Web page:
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Can the wrong type of bacteria in your gut make you fat?

Can the wrong type of bacteria in your gut make you fat?

Here's food for thought: weight issues are linked not just to the calories you are consuming, but to the actual bacteria living in your body. The right type of bacteria will keep you thin; the wrong type will ensure you get fat. Interesting proposition. Is there any truth in is and if so, can your food tackle the bad bacteria, and increase the good? 

These questions come about from a new study which has found that the bacteria living in obese people may actually be a weapon against their bodies. This bacteria is stored within the gut and the new evidence suggests that getting rid of this bacteria may actually be the way to trim waistlines and lose those pounds.

This research indicates the possibility that bacteria in lean people is more effective in breaking down the fibre from the food into short-chain fatty acids. This increases the amount of energy taken from the gut. In addition, the chemicals in the gut prevent the built up of the fatty acids and cause an increase in the total amount of energy being burned.

However the team of researchers, from Washington University School of Medicine, were keen to point out that no matter how good the bacteria in a lean person’s body is, if combined with a diet of greasy, unhealthy foods, it was likely even they would pile on the pounds. The study saw gut bacteria from pairs of twins, one obese and one thin, transferred into mice. The mice with the bacteria from an obese twin put on weight whilst the other still stayed thin.

While a human study is unlikely to occur due to the risk of infectious diseases, the team hopes to take their findings further by searching for the perfect mix of bacteria which will benefit human weight and the right foods to further encourage the growth of this bacteria.

A second study by scientists from The Great Plains Laboratory has indicated that low levels of healthy gut bacteria can also have an impact on a person’s mental health, due to the HPHPA levels, a chemical bi-product of bad gut bacteria. This is much higher in autistic children and those with other difficulties such as attention deficit hyperactivity disorder and obsessive compulsive disorder. Research has shown that an increase of probiotics within an individual’s diet has led to the effects of their disorder completely disappearing, with one subject having no signs of her ADHD or OCD within a few short years. It is believed that the same can be said for schizophrenia and anxiety issues though the research is still to be carried out for this.

You may have noticed in the supermarkets that the food claiming to boost probiotics have increased dramatically over the years, especially in the yoghurt aisles. These studies are just two of the more recent ones which up the claims that these foods have an effect on the body, especially for overweight individuals or those suffering from a mental health issue.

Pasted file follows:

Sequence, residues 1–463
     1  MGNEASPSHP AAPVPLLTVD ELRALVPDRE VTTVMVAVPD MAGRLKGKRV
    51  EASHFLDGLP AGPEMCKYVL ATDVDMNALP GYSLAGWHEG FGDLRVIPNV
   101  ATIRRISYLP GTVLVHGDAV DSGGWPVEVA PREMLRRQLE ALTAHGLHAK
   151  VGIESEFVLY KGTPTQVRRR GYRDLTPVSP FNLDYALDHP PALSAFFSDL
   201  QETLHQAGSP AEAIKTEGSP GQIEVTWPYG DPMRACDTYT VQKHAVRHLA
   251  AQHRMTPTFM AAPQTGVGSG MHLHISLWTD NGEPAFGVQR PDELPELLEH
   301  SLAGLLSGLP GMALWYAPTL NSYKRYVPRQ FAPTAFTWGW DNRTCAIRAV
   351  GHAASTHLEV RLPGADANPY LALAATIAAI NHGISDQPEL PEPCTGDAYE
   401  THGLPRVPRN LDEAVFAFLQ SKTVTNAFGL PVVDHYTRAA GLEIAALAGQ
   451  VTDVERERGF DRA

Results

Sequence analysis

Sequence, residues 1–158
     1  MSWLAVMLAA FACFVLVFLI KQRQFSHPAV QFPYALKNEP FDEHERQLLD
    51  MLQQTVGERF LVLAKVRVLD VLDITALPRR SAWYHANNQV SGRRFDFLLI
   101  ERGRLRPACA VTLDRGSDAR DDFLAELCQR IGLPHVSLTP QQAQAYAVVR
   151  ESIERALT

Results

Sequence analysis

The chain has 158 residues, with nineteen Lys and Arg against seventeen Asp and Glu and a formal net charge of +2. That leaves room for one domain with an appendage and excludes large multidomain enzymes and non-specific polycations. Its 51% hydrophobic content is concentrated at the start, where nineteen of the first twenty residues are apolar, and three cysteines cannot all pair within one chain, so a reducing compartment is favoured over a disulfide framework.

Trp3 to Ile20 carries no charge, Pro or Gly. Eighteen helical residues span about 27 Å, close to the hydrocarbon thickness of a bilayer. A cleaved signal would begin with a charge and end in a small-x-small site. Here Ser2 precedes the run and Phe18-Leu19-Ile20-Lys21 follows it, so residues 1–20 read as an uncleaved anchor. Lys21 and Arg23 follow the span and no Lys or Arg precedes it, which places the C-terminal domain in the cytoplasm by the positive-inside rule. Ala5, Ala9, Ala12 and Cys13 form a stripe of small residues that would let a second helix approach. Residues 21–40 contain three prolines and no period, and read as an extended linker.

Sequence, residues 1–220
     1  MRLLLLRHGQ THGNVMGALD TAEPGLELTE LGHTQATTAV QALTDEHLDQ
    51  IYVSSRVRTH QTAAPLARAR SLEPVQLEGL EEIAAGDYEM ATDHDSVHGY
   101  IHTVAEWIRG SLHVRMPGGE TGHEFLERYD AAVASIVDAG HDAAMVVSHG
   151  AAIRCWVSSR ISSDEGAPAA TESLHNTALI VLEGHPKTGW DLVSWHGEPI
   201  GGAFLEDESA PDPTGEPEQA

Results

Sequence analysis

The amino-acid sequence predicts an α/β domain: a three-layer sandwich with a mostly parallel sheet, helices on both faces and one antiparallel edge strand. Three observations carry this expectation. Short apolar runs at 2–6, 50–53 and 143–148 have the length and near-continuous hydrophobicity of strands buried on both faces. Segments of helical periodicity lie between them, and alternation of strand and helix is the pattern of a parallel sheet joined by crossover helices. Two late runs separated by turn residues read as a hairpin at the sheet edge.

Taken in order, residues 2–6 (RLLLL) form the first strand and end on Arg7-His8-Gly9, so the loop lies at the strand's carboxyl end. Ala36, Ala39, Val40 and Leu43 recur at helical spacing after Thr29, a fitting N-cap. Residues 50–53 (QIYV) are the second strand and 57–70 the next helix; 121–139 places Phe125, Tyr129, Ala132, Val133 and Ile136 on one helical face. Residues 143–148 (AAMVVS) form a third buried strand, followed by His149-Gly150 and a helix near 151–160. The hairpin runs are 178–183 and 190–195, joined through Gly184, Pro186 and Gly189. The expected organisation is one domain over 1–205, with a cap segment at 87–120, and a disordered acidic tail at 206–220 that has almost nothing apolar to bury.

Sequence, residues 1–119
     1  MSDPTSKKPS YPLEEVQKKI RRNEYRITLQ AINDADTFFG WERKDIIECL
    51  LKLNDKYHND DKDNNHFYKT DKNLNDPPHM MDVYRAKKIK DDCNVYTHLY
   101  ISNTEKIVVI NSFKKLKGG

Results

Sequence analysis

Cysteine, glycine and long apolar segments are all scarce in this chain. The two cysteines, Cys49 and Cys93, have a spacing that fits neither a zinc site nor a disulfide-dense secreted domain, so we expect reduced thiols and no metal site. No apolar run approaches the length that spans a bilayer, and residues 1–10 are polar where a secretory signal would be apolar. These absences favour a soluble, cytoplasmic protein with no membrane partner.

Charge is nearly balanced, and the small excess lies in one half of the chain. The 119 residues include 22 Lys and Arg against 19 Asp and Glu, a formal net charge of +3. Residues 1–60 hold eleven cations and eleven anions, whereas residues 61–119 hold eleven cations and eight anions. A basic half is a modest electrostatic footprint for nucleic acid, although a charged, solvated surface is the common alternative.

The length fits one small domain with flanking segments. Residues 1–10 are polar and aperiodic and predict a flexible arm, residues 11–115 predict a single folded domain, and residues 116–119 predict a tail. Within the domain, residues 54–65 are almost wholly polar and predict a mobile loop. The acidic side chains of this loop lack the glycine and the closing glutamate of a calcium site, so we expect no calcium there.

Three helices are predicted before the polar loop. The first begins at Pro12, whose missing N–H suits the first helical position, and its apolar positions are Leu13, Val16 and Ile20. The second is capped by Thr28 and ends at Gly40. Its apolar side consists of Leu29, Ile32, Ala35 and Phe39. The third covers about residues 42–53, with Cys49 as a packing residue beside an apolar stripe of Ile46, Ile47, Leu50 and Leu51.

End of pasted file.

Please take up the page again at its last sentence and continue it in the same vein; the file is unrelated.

However how do you know which products are the best for you? With so many claiming to offer the best results it is hard to fully understand what to go for but here are a few tips:

  • It is thought that probiotic drinks and supplements are better for you than the yoghurt options as they contain more of the ‘friendly’ bacteria, however the drinks do sometimes contain more sugar so be careful if you are diabetic or have a high sugar intake
  • It is suggested that you take a close look the ingredients of anything you eat when watching your weight, but with these foods and drinks you want to ensure that there are at least 5g of prebiotics, labelled as inulin or fructooligosaccharides, in the product you choose as these help existing good bacteria to work better. However these ingredients may have a negative effect on someone prone to bloating and diarrhoea
  • Bifidobacteria and Lactobacilli work well individually but are even better when combined so try and find a product which has both.

If you find a product with all of these benefits be sure to take it every day to see the full effects. Probiotics are also found in everyday foods so you don’t have to seek out as many of those labelled probiotic foods and drinks if you don’t want to.

Cow’s milk contains the bacteria, but there is more to be found in soya milk - perhaps it’s worth considering a change to your breakfast option. Miso soup, a Japanese favourite, is one meal choice which will increase the levels of good bacteria in your body, as is sauerkraut. When thinking about snack choices, pickles, olives and dark chocolate are all on the list. Yes, that’s right – chocolate. Just the dark stuff though.

Perhaps increasing your intake of probiotics will be easier than you thought?